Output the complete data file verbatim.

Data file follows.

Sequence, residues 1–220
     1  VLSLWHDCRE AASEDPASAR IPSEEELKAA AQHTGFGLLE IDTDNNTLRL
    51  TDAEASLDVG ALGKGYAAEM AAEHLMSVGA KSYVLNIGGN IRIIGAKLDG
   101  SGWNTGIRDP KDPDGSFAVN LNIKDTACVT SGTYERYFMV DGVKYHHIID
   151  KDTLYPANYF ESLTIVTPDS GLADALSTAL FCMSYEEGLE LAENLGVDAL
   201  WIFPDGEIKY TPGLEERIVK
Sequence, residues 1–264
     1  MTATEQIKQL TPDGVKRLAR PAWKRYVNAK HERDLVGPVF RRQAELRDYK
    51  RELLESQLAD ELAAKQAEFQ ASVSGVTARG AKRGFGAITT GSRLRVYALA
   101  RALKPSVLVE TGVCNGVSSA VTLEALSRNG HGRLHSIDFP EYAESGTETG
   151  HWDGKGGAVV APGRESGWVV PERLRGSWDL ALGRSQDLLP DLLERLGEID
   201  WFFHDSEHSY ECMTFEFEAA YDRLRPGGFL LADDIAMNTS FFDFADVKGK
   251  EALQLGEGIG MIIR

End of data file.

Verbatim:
Sequence, residues 1–220
     1  VLSLWHDCRE AASEDPASAR IPSEEELKAA AQHTGFGLLE IDTDNNTLRL
    51  TDAEASLDVG ALGKGYAAEM AAEHLMSVGA KSYVLNIGGN IRIIGAKLDG
   101  SGWNTGIRDP KDPDGSFAVN LNIKDTACVT SGTYERYFMV DGVKYHHIID
   151  KDTLYPANYF ESLTIVTPDS GLADALSTAL FCMSYEEGLE LAENLGVDAL
   201  WIFPDGEIKY TPGLEERIVK
Sequence, residues 1–264
     1  MTATEQIKQL TPDGVKRLAR PAWKRYVNAK HERDLVGPVF RRQAELRDYK
    51  RELLESQLAD ELAAKQAEFQ ASVSGVTARG AKRGFGAITT GSRLRVYALA
   101  RALKPSVLVE TGVCNGVSSA VTLEALSRNG HGRLHSIDFP EYAESGTETG
   151  HWDGKGGAVV APGRESGWVV PERLRGSWDL ALGRSQDLLP DLLERLGEID
   201  WFFHDSEHSY ECMTFEFEAA YDRLRPGGFL LADDIAMNTS FFDFADVKGK
   251  EALQLGEGIG MIIR